Utena persues her goal to "become a prince herself" and seek the prince, long ago, who gave her the duelist ring: she's a tomboy in every sense of the word and finds herself in the heart of the duelist battles on the part of the ring. Anthy is the subservient Rose Bride, abused and mangled on the part of that role and often watching her does give a sense of frustration. Yet she also serves a greater purpose when the movie's themes come to fruition, and in the end, while you may not like her character any more than when the movie began, at least you could understand what role she plays and how it call comes to port by the film's end.
The secondary characters play their roles accordingly, but are more of an illustration for the conflict rather than three-dimensional beings in themselves.
To emphasize further, the Adolescence of Utena is a difficult movie to recommend, but it made for a beautiful watch for me. Recommended for more mature audiences who have seen the series and want a different interpretation of it. Also recommended for those who want a solid movie told through symbolic qualities and a coming of age story that challenges gender stereotypes.
Adolescence of Utena has an interesting history behind it. Based on the 1997 classic anime series Revolutionary Girl Utena, Adolescence of Utena was an attempt by series director Kunihiko Ikuhara to re-vise the original series with less of the narrative restraints that were placed on him during production of the original series, this time condensing the story into a one and a half hour long movie as opposed to a series work. Despite believing that Utena would be his final project after his previous work with the Sailor Moon franchise, Ikuhara set out to re-tell the story in a different narrative style with a higher animation budget and almost no narrative restraints and the result was this movie; Adolescence of Utena.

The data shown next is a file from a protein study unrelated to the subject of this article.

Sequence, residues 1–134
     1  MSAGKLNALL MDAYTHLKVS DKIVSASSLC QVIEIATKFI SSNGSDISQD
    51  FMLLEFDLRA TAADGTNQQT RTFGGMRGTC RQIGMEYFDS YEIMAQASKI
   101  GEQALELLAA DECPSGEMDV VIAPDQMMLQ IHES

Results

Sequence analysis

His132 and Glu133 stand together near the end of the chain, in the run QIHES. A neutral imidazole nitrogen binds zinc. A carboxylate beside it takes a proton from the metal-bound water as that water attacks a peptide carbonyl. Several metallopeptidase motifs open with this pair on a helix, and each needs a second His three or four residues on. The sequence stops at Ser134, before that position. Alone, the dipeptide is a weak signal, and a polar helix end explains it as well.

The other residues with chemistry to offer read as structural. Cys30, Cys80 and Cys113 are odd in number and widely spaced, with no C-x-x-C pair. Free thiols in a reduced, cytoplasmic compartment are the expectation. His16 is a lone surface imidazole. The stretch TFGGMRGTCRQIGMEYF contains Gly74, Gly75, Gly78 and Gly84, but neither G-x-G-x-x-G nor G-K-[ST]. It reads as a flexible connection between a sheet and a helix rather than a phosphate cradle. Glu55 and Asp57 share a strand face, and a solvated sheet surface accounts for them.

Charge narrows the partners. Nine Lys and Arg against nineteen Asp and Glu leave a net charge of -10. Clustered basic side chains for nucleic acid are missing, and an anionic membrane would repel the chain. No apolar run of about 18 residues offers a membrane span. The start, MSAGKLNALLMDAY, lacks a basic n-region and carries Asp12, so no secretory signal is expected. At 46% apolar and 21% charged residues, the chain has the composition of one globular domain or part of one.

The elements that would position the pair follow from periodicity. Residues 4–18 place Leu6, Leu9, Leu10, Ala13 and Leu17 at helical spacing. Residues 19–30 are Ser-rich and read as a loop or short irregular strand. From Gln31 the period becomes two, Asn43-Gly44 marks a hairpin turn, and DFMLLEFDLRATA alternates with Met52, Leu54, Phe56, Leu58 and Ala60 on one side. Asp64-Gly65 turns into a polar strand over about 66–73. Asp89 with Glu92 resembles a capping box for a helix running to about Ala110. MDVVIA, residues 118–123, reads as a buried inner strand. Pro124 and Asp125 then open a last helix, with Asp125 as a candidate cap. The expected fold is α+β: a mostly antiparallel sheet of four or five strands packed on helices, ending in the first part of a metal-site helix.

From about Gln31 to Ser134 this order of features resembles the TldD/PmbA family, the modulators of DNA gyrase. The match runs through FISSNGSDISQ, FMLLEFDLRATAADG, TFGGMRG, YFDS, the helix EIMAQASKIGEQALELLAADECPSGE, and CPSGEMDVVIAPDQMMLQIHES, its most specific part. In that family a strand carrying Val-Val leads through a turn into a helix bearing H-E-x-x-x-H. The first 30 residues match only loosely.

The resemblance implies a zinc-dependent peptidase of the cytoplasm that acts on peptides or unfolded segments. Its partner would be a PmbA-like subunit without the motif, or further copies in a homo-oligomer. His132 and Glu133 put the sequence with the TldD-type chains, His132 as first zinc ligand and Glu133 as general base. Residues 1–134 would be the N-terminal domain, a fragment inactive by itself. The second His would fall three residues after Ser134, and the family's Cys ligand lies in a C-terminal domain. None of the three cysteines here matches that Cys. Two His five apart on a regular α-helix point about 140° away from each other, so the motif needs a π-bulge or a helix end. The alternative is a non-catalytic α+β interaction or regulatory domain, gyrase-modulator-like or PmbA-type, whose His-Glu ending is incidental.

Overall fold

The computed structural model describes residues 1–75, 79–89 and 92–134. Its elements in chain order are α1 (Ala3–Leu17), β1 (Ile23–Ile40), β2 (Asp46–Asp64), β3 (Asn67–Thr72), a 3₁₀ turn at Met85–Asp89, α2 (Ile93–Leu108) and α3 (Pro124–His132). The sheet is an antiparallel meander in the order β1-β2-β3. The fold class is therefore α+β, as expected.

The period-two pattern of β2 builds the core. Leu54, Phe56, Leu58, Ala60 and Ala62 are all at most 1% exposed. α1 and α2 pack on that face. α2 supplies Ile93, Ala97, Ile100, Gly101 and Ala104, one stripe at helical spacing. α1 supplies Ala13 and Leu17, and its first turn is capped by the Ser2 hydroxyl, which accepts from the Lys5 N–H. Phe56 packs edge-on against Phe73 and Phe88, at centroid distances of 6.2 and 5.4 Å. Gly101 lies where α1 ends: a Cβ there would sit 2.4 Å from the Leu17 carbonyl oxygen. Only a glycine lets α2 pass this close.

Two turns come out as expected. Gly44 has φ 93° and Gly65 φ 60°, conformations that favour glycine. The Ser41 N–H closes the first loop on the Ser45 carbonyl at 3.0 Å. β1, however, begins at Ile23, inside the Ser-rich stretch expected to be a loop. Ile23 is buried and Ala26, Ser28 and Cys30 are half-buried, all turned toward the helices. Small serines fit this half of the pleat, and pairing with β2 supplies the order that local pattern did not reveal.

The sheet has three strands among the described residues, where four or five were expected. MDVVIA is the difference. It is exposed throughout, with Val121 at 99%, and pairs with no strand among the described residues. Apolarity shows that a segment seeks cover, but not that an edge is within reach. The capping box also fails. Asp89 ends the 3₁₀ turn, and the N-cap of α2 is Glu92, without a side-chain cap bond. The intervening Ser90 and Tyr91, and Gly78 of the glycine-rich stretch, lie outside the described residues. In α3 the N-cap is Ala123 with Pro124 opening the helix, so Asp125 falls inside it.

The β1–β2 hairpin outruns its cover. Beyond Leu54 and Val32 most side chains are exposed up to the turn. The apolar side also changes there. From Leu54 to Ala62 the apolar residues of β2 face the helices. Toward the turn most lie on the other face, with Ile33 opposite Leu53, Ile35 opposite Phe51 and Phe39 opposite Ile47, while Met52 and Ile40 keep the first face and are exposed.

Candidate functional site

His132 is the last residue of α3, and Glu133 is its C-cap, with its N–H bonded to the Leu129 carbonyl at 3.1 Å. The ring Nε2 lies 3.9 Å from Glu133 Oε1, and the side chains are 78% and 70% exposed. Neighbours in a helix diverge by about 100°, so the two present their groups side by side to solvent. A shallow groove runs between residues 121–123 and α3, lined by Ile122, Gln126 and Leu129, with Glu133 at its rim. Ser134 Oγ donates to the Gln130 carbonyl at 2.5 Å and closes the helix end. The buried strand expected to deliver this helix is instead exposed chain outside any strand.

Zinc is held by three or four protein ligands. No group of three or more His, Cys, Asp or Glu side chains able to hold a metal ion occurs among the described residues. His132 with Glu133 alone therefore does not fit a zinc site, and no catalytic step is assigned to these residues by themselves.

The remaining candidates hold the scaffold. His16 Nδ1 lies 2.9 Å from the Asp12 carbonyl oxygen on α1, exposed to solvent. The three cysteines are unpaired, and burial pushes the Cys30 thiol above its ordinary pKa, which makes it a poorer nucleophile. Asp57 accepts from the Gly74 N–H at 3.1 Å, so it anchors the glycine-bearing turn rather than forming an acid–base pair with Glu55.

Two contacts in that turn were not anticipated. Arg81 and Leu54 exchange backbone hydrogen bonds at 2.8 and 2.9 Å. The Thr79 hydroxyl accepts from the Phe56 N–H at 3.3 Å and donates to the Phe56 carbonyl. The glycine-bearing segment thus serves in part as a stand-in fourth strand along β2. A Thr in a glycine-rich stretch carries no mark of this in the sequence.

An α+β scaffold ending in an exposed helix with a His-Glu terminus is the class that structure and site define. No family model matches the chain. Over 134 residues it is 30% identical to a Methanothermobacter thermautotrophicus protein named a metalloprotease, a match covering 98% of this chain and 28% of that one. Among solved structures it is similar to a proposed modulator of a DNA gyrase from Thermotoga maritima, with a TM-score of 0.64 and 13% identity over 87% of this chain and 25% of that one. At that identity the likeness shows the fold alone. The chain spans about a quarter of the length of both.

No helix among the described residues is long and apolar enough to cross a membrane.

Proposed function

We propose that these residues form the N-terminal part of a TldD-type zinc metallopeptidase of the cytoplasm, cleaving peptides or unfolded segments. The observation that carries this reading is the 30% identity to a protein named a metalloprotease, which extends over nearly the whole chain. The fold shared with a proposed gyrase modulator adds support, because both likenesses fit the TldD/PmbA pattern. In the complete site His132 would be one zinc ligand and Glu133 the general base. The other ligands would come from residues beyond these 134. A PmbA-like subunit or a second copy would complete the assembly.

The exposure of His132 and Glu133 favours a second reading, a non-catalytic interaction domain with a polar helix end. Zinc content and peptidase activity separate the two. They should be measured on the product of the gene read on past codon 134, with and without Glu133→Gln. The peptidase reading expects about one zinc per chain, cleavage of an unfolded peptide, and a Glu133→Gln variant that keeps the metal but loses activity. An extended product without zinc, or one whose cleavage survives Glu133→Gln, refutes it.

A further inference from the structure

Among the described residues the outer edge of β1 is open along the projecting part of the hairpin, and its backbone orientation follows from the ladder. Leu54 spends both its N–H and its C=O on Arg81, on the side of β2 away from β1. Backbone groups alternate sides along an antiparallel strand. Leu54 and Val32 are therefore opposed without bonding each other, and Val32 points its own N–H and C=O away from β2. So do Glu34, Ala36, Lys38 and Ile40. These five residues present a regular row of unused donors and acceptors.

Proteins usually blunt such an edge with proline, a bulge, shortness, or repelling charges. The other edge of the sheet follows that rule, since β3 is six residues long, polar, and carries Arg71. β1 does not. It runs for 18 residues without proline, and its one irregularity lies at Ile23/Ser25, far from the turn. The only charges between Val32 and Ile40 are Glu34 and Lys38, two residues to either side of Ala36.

Adolescence of Utena follows the same basic outline of the beginning of the original series; Utena Tenjou is a young student at the bizarre magical school known as Ohtori Academy who finds herself accidently enlisted in a series of duels for the mysterious entity known as the rose bride. The rose bride in question is another student, Anthy Himemiya, whom every student wishes to possess in order to open the castle of eternity floating above the school and have all their desires fulfilled.
While the animation present in Adolescence of Utena is fluid and well-presented, the eye-catcher is the art and visual direction. The original animated series had a heavy leaning towards theatre techniques such as shadow puppetry and Greek chorus as well as an extremely shoujo presentation. The film only amplifies this. The settings are lavish and rich with roses and beautifully designed castles, as the fairy-tale setting is ingrained into the narrative. The characters are unrealistically proportioned to fit the style of the narrative; beautiful costumes and extreme detail in the hair and eyes help to show the fantasy setting is a metaphorical one and not something that should be looked to for realism.